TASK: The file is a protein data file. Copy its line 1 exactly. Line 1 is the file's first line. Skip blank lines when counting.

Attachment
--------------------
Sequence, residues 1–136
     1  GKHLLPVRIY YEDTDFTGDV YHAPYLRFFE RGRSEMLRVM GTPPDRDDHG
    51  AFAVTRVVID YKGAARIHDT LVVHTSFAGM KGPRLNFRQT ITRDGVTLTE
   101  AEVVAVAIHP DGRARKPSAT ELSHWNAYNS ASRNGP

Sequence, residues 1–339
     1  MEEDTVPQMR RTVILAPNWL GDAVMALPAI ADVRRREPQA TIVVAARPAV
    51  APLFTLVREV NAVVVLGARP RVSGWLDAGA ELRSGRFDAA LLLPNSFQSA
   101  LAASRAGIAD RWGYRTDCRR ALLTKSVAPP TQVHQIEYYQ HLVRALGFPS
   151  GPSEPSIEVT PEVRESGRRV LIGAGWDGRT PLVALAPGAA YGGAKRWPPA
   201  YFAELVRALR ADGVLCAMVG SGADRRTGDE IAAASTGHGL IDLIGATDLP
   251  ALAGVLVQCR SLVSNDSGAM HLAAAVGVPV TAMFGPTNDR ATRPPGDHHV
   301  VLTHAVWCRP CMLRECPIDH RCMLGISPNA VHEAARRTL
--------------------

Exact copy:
Sequence, residues 1–136